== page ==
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New York City Cycling -- CRAZY!!!

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New York City Cycling -- CRAZY!!!

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Old 12-03-18, 02:38 AM
  #26  
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Blogger BSNYC also does a daily bike report on transportation alternatives that highlights bike lane follies.

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Old 12-03-18, 06:53 AM
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Originally Posted by Dahon.Steve View Post
The bike lanes are not that bad! They are bad if you intend to ride above 10 mph! I use them for kick scooting with my Xootr and very rarely have issues because I'm slow. The person in the YouTube video makes it look far worse because that's his intention! He purposely rode fast in the bike lane with people all around the sidewalk to create controversy and get more hits to his video. More views means more money. It's actually very safe if you are slow and you're not making a YouTube video for profit.
10mph That's slow as .....

Bikes are a form of transportation for some of us, not recreation. Can't be plodding along at 10mph...You can't even win the NYC marathon at that speed.


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Old 12-03-18, 07:53 PM
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Originally Posted by work4bike View Post
10mph That's slow as .....

Bikes are a form of transportation for some of us, not recreation. Can't be plodding along at 10mph...You can't even win the NYC marathon at that speed.


.
I've done lots of commutes at 10 mph even at 10 km/h. What's the rush? That's the beauty of bicycle commuting. You have the chpuce of going as slowly as you want and still enjoy the ride and nobody's going to push you to go faster.
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Old 12-06-18, 07:07 PM
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I've been commuting for about 5 years, mix of path and streets. I'm very comfortable in traffic so driving or cycling in the city is NBD but without a doubt it requires a high degree of situational awareness. Generally it's not as bad as the stories would suggest. Most drivers are fairly predictable. But sometimes...sheesh. Not for the faint of heart.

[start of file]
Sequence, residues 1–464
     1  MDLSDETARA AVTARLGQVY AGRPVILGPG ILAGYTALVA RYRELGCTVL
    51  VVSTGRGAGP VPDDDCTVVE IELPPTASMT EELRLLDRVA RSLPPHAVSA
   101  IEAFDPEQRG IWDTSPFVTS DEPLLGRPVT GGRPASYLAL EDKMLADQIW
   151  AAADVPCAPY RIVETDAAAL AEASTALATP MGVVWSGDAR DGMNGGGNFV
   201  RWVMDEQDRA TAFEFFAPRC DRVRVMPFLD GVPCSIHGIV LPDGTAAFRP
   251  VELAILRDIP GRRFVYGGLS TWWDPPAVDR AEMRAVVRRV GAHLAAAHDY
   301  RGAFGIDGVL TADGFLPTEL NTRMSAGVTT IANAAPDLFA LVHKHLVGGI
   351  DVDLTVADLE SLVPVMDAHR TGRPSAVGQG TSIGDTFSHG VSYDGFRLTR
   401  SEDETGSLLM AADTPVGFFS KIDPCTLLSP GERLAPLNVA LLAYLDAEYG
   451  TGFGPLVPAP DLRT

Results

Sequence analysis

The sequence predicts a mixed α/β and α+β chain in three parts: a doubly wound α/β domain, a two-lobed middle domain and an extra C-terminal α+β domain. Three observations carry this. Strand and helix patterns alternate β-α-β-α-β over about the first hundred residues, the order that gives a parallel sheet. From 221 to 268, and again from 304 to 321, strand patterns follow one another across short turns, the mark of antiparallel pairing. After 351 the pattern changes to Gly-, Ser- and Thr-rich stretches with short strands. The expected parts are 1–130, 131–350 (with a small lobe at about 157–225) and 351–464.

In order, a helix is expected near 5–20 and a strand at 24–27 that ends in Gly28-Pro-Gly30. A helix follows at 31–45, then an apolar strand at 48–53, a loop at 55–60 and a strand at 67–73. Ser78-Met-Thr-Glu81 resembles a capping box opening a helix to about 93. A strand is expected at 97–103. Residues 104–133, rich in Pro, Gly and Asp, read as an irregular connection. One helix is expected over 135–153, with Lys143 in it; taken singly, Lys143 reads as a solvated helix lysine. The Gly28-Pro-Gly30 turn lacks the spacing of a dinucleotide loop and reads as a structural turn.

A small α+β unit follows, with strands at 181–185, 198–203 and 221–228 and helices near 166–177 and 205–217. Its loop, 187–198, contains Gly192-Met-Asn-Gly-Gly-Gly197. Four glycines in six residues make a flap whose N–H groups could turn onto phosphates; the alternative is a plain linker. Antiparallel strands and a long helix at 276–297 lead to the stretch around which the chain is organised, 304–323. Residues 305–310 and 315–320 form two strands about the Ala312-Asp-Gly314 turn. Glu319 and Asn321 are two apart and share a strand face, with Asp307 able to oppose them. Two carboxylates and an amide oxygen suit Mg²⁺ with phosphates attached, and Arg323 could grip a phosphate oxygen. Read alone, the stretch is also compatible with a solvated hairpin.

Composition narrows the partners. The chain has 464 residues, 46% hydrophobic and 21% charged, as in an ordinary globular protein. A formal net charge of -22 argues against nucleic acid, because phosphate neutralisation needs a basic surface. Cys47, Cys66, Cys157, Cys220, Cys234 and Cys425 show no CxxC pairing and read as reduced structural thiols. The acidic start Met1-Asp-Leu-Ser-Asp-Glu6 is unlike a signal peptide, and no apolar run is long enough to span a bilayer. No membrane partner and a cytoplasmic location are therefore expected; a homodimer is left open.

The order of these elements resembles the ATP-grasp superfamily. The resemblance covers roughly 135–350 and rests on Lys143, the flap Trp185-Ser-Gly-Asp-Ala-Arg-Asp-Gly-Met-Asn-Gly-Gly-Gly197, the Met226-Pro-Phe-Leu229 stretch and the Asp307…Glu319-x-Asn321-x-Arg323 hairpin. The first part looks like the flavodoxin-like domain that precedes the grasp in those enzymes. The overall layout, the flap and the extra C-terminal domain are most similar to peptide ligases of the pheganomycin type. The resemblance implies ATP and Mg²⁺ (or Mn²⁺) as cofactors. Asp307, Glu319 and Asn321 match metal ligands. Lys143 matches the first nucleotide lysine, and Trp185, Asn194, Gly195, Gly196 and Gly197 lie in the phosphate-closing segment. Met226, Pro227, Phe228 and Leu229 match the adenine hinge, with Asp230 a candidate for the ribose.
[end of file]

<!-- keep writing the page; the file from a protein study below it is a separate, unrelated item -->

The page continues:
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Old 12-07-18, 09:19 AM
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Well put, @ascherer .
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Old 12-07-18, 09:23 AM
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Big fan of Terry Barensten's HotLine series YouTube videos flying through NYC (and others) on fixies. Anybody else watch these? Some serious skills...
Also enjoy Kelsey Leigh's videos as a NYC bike messenger. She's pretty good too.
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Old 12-07-18, 10:27 AM
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I'll check those out, as I haven't seen them. But you do not need a crazy-high level of skill to survive here. As I said previously, there are plenty of inexperienced cyclists, some of them old, who ride here regularly.
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Old 12-07-18, 12:00 PM
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Tell someone from the midwest why anyone would want to live in that snake pit full of rude people.
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Old 12-07-18, 12:05 PM
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Originally Posted by CB HI View Post
You do understand that NYC has a mandatory bike lane law, right. And NYPD seems more than happy to write tickets to cyclist for not being in the bike lane or not having a bell.